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The Aztecs


By Lee KaranjaPublished 3 months ago 4 min read

Who were they?

This was a tiny and mysterious group of migrants from the northern deserts that arrived in Mesoamerica during the 12th century. The locals considered them inferior and unproductive and therefore did not accept them as such. After this, the Aztecs settled in Mexico Valley where they established their capital Tenochtitlan, in 1345, making it amongst largest towns at the start of the sixteenth century. In 1325, legend has it the Aztec people had been wandering around the desert, and when they found Lake Texcoco, it was regarded as their sign where they should settle down. This sign showed two snakes fighting against an eagle that has landed on a cactus. This was a push factor that made the Aztecs search for their capital city.

They put up their capital city Tenochtitlan on a spit of land that lay in the western part of Lake Texcoco. These were tall mountains that encircled a lake with marshes around it engulfing the city within themselves. The Aztecs drove piles into the marshes and made small areas of land called Chinampas which are also called floating gardens giving them space for living and plantations. Tenochtitlan had developed sophisticated infrastructure such as the causeway-canals that linked the islands and served the purposes of transport, aqueduct for fresh water, and sewer for refuse. With time the city grew into a large town ruled by a master with nobles, priesthoods, warriors, and merchants under his orders. Even by the beginning of the 16th century, Tenochtitlan had a dazzling display of pyramids, temples, palaces, and plazas.

The gods

To the Aztecs, the sun was highly revered as there were several cosmological ages or suns, which passed by the world before the dawning age. Each world eventually burned, making way for a new one until at last the fifth and the current day reached for the Aztec’s. In the popular sun stone and other references, it was shown that the universe had been through this process of cosmological evolution. As a way of honouring their gods, the Aztecs had parties, meals, songs, dances, and decorated statues during such times. Incensing, rich grave burials that were accompanied by other penances like blood-letting and animal sacrifices were also practiced in this period. The gods were appeased by sacrificing humans including the grown-ups and children. The gods were believed to cause problems like storms, droughts, etc. if they felt offended or angered by men. Usually, sacrificial victims were taken from the defeated side of the war and most prestigious offerings were brave warriors. The sacrifice itself could take three main forms: removal of the heart, decapitation of the victim, making the victim fight a one-on-one war with elite soldiers. There were also people who dressed up as the god and were killed at the end of the celebration.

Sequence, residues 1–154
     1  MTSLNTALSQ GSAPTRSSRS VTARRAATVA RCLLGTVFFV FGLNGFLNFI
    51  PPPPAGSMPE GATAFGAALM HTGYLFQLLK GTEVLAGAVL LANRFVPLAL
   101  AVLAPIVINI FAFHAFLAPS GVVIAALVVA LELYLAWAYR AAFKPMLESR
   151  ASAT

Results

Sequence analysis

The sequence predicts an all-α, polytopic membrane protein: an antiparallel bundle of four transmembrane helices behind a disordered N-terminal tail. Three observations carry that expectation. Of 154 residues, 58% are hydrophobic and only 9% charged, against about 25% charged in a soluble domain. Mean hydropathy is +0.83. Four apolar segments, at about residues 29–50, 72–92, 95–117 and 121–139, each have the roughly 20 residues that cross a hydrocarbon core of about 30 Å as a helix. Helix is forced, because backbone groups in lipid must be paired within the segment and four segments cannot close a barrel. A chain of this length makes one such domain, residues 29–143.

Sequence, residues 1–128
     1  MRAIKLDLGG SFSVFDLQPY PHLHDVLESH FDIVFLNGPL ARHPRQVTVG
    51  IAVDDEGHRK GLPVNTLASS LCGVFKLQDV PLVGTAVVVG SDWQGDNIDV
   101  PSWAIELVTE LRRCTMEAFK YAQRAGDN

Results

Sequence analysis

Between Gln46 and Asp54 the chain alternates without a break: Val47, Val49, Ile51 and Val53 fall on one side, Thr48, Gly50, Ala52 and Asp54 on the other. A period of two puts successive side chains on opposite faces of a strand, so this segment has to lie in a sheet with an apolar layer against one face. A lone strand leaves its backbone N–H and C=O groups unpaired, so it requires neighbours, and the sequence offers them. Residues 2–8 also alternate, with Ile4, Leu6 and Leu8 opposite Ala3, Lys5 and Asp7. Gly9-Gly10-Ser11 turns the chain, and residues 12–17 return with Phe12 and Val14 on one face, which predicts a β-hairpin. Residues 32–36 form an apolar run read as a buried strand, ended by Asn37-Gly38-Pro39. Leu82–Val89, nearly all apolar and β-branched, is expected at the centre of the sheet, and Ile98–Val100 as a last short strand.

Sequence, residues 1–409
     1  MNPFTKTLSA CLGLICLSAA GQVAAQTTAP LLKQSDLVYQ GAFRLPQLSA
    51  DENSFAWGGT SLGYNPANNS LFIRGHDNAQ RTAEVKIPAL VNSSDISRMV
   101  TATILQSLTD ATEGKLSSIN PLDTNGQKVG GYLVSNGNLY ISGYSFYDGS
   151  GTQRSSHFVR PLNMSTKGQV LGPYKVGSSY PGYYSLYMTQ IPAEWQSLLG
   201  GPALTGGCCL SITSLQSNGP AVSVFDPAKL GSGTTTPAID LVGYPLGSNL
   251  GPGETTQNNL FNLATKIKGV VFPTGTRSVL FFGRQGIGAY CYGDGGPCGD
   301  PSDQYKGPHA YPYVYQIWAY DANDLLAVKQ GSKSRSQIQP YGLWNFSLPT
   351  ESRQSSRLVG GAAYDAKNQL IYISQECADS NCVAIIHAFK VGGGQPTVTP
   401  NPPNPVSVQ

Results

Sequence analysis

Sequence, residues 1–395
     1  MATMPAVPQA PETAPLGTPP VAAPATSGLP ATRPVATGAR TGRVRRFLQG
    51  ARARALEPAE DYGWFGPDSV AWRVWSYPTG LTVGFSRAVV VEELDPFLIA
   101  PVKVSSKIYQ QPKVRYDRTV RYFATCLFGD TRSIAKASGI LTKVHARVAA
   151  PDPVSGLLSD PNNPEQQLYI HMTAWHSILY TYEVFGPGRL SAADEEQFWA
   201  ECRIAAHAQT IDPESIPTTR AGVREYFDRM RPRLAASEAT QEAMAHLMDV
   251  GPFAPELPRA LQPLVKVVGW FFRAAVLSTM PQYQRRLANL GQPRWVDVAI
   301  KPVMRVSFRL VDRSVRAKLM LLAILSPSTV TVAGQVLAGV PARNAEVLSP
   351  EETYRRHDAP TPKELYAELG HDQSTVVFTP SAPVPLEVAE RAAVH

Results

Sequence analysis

The fall

The Aztec empire that ruled over a total population of around eleven million people was always troubled by occasional unrest that typically developed at times of changing monarchs in Tenochtitlan. Nevertheless, these uprisings were mercilessly repressed. Nonetheless, things started to get out of hand when Aztec lost considerably to Tlaxcala and Huexotzingo in 1515. Later on, after the coming of the Spanish some rebel states started fighting again to get their freedom back. On encountering the conquerors headed by Hernando Cortez, who had arrived in their splendid ships from the other world, the first approaches between Motecuzoma II, the Aztec ruler, had been kind and rich presents had been swapped. Such peace came tumbling down when a band of a few dozen Spanish soldiers were slaughtered at Tenochtitlan when Cortes was campaigning elsewhere in Veracruz. Disappointed by motecuzoma’s lack of intervention, the Aztecs revolted against him and installed a tlatoani called Cuitlahuac. This served to the advantage of Cortez and made him to return to the city in time to rescue to besieged Spanish troops. Nevertheless, he had to recede back at midnight of 30th of June, the so-called Night of Tears’. Then after the regrouping and getting help of the locals, Cortes returned back once again and laid his seize over the city of Mexico in 1521. The starving and sick Aztecs led by Cuauhtemoc eventually capitulated to Cortez’s men on this dreadful day for them (August 13, 1521). tenochtilan was looted and its monuments were demolished. Then arose the new capital of the colony of New Spain; ending the mesoamerican civilization that began with the olive tribe.


About the Creator

Lee Karanja

Curator of stories & articles that transport you to extraordinary places.

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  • Lee Karanja (Author)3 months ago


  • Elaine Sihera3 months ago

    A very informative and interesting post. I learned a lot! Great writing.

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